We are obsessed with the system. When something is wrong, we want to change the system. And the system in this case is the political system, and all its subsystems and ideologies.
A few hundred years ago we had a political system called a monarchy or an aristocracy. Some monarchs treated their subjects badly, others could be generous, fair and left the population alone. And the tax was called a tithe, i.e. 10%, but was often lower than that.
Today’s political system goes by the name of democracy, which means that citizens vote on who should lead the country. Democratically elected politicians can act sanely, but they can still impose curfews, censorship and over 40% taxes, in good democratic order.
Repressive policies are not made better by being hatched in a democratic system. Whereas good policy is always good, whether initiated by a dictator or not. Laws has no smell.
Perhaps faith in the system itself is overrated?
We are so extremely focused on the form that we forget the content. It is the ethics, morals and will of politicians that matter. Not the decision-making channels and the bureaucracy around them.
We’d rather talk about political parties, and how many ministries or MPs we should have, or whether politicians should be allowed to ride taxis at the taxpayers’ expense. And there are constant surveys about which countries are the most democratic, and Sweden always comes out on top, despite the fact that their leaders waste more than half of the citizens’ wages on nonsense. Canada and New Zealand also get top positions despite their extremely excessive Covid restrictions and civil rights overreach.
Well, we pay a lot in taxes, but we get so much back in the form of health care, schools and benefits. True, but private health insurance doesn’t cost 40% of your salary, even if you add in tuition costs for your children. And frankly, what is public school education worth? We note that government provision is often expensive and inefficient. While the core business of the government – of safety, security and order in the streets and squares – seems to have been abandoned altogether.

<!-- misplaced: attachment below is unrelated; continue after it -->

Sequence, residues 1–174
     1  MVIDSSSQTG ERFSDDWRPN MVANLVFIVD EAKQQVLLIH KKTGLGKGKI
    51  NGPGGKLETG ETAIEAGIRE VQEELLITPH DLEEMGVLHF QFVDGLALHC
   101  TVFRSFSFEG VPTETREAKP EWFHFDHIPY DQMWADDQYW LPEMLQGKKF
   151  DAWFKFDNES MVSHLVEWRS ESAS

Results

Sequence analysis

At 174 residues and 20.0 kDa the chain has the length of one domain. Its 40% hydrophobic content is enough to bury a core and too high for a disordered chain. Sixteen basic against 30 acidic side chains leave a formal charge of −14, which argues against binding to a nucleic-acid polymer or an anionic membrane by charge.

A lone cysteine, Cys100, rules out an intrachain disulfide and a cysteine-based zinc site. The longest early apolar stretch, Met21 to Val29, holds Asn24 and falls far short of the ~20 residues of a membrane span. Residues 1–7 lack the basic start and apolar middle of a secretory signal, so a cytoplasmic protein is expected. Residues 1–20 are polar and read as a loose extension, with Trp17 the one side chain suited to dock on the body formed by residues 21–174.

Perhaps faith in the system has made us lazy. After all, the system was once invented as the optimum process for fairly selecting politicians. But the system does not really guarantee content. The system exists to regulate political life, but it does not guarantee a specific outcome.
When we vote, we do so casually, believing that the system itself protects us from idiocy and disgust. But look how wrong we were.
Confidence in the system is also a remnant of the machine age, when everything would be fabricated and automated, including politics. We saw ourselves as pawns in a larger process, and the human factor was to be avoided as much as possible.
Perhaps we abolished ourselves, and common sense? And let the flows and the methodology take over. Difficult for the common man to comprehend, but not immune to lobbyists, activists and stuffed envelopes.
Maybe it will be better next time? As long as we vote for a different party. A new grouping, with a different methodology and a different programme. Maybe they can turn the bureaucratic mill in a different direction?
The bottom line is that of course we need a system; human activities sometimes have to be ordered and sorted, but we cannot have such an overconfidence in the process itself that we forget the essence. Bad laws cannot be legitimised just because they have been voted on in a good democratic way. Such a system is populated by corrupt individuals. And it does not matter that they are protected by sacred principles and majority decisions. What is rotten cannot be saved.